The Psychedelic Renaissance is filled with promise of a world in which entheogens can heal us and change the fabric of society for the greater good. There is a normalized assumption in the psychedelic community that entheogens make users more open-minded, cooperative, and left-leaning— an idea supported by a survey co-authored by Dr. Robin Carhart-Harris, head of the Center for Psychedelic Research at Imperial College London, which found that psilocybin may decrease “authoritarian political views.” However, there is evidence of extensive psychedelic use among the far right, which complicates this picture.
In the Psymposia article “Lucy in the Sky with Nazis,” evolutionary biologist Brian Pace, Ph.D., notes that many white supremacist hate groups, including Nazi party members, have been regular consumers of entheogens. It is therefore misleading—or even dangerous—to suggest that psychedelics in and of themselves can solve social ills, or that psychedelic users are immune from acts of hate, violence, or oppression.
Given the rise in white supremacist terrorist attacks in countries like Germany, New Zealand, Norway, and the US in recent years, we must be cognizant of systemic racism and how it shows up in the psychedelic space. One way of doing this is to actively critique the notion that entheogen use makes people inherently more open minded and accepting of difference, when racism continues to show up among heavy users of entheogens. Another way is to implement anti-racist practice as a form of psychedelic harm reduction.
When embarking on a journey of engaging in anti-racist practice, it is helpful to begin by acknowledging that harm is integral to the human experience and operates interpersonally and institutionally, inside and outside the psychedelic community. Racism is simply one form of collective harm that is perpetuated systemically, with similar impacts in different cultural contexts, such as the overrepresentation of African heritage people in prisons in the UK, Brazil, and the US. The psychedelic community is a microcosm of the dominant culture, and racial inequality is present in both spheres. As a result, it makes sense to implement anti-racist practice to reduce the intersecting harms of racism as a systemic, cultural phenomenon that exists outside interpersonal dynamics and intentions alone.
When embarking on a journey of engaging in anti-racist practice, it is helpful to begin by acknowledging that harm is integral to the human experience and operates interpersonally and institutionally, inside and outside the psychedelic community.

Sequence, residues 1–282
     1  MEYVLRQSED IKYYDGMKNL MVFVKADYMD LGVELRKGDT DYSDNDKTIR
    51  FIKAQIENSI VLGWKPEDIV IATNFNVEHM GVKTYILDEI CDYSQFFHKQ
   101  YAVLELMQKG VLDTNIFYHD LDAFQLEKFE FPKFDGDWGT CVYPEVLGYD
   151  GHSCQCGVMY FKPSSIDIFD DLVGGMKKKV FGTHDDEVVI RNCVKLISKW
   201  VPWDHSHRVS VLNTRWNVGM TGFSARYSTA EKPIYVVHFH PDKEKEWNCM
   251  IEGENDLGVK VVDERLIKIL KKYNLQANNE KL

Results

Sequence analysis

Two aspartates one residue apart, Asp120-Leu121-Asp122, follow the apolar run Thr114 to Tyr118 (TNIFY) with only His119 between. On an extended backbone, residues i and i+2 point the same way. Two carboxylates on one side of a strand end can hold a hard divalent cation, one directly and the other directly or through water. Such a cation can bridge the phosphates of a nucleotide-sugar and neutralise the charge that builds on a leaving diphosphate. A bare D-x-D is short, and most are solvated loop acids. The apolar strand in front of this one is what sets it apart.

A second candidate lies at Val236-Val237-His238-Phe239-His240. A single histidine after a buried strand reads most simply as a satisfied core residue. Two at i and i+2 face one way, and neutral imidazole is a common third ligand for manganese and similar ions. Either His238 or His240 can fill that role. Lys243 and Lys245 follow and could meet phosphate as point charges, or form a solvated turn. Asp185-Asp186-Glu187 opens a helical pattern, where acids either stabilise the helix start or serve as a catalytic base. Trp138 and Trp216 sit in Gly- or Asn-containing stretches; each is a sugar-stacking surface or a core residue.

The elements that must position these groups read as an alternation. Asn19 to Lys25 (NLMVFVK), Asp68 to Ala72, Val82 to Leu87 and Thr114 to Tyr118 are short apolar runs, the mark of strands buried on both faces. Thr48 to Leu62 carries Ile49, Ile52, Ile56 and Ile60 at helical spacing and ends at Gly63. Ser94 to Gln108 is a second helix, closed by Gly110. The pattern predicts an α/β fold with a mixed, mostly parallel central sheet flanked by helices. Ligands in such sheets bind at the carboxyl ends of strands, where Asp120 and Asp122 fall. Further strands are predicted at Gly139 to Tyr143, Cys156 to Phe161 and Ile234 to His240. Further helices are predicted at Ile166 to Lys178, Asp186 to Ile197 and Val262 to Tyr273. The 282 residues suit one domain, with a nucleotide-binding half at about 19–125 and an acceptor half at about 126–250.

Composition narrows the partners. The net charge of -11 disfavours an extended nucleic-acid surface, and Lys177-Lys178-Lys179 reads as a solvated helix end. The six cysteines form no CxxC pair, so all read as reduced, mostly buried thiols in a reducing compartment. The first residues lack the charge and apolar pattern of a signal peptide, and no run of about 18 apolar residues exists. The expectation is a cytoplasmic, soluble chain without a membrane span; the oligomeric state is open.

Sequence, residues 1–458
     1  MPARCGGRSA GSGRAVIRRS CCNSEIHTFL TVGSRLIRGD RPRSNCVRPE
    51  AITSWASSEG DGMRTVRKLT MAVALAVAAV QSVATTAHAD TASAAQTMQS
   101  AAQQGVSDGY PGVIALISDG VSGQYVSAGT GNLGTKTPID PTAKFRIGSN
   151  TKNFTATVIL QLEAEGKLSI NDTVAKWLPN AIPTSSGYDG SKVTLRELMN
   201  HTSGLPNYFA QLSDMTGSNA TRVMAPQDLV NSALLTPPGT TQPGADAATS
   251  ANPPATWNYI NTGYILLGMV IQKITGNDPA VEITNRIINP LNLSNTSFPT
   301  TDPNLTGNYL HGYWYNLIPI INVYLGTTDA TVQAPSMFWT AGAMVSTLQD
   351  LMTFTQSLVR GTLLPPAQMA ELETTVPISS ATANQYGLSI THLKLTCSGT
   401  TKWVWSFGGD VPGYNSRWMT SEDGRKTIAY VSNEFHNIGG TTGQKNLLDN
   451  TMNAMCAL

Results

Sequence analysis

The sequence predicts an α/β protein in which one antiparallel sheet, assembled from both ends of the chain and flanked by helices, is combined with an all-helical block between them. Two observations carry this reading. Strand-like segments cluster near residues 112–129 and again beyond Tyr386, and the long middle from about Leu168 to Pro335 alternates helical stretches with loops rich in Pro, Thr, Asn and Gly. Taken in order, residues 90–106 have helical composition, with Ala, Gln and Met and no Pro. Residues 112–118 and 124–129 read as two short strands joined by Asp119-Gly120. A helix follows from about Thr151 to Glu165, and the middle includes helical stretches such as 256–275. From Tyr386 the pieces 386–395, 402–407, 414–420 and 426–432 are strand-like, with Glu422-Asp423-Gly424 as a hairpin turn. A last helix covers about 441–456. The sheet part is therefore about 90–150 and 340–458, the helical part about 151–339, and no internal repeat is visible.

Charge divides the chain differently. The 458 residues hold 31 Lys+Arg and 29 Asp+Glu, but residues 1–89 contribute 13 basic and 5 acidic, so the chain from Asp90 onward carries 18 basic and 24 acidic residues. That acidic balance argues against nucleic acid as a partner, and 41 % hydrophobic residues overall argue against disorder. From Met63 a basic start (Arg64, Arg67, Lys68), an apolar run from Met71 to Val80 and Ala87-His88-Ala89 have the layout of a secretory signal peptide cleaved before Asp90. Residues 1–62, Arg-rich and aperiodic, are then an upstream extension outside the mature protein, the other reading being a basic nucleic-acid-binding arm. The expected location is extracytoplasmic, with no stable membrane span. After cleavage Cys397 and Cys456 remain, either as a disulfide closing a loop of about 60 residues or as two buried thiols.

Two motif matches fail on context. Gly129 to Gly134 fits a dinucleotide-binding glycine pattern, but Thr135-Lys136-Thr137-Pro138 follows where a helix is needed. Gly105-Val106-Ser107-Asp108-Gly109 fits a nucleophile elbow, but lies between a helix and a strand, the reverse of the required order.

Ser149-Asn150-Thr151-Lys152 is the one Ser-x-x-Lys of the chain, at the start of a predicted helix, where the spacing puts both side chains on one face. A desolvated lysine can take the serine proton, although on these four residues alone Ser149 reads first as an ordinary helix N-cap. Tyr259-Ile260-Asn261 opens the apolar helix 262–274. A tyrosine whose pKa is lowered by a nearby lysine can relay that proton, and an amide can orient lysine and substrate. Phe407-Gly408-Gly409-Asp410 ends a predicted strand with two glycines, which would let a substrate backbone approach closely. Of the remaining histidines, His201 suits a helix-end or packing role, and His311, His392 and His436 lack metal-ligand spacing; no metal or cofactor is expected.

“Racism is different from racial prejudice, hatred, or discrimination,” according to Dismantling Racism Works, a platform developed by critical race theorists to offer trainings, workshops, and organizational consulting around anti-racist practice. “Racism involves one group having the power to carry out systematic discrimination through the institutional policies and practices of the society and by shaping the cultural beliefs and values that support those racist policies and practices.” Racism also exists as a form of embodied trauma that is enacted unconsciously in our daily, nonverbal behavior, according to scholar and activist Rae Johnson, Ph.D., and trauma specialist Resmaa Menakem, author of My Grandmother’s Hands: Racialized Trauma and the Pathway to Mending Our Hearts and Bodies. Our embodied experiences “help to create and maintain the power dynamics that arise between us,” writes Johnson in their book Embodied Social Justice. “For instance, by signaling dominance or submission…In short, our nonverbal communication patterns and beliefs about body norms are all deeply affected by our assigned membership in different social groups and the privileges associated with that membership.” As a result, when critical race theorists refer to the system of white supremacy, writes Menakem, in My Grandmother’s Hands, “it does not refer to individual white people per se and their individual intentions, but to a political- economic-social system of domination. This system is based on the historical and current accumulation of structural power that privileges, centralizes, and elevates white people as a group…I use the term to capture the pervasiveness, magnitude, and normalcy of white dominance and assumed superiority.” Their work implies that we have all been affected by the collective trauma of racism and need to heal. For some, this means learning to value and treat all people as full human beings, while for others it means recovering from the intergenerational trauma of not being considered fully human.
There remain significant barriers to this sort of progress, however. Robin DiAngelo, Ph.D., professor of education at the University of Washington in Seattle, speaks to this in her New York Times bestselling book White Fragility, in which she demonstrates how white people who don’t identify as racist often engage in racist practices, and then are unable to have productive conversations about it. White fragility, she says, leads white people to “[weaponize their] hurt feelings” and be “indignant and defensive when confronted with racial inequality and injustice which creates a climate where the suggestion or accusation of racism causes more outrage among white people than the racism itself.”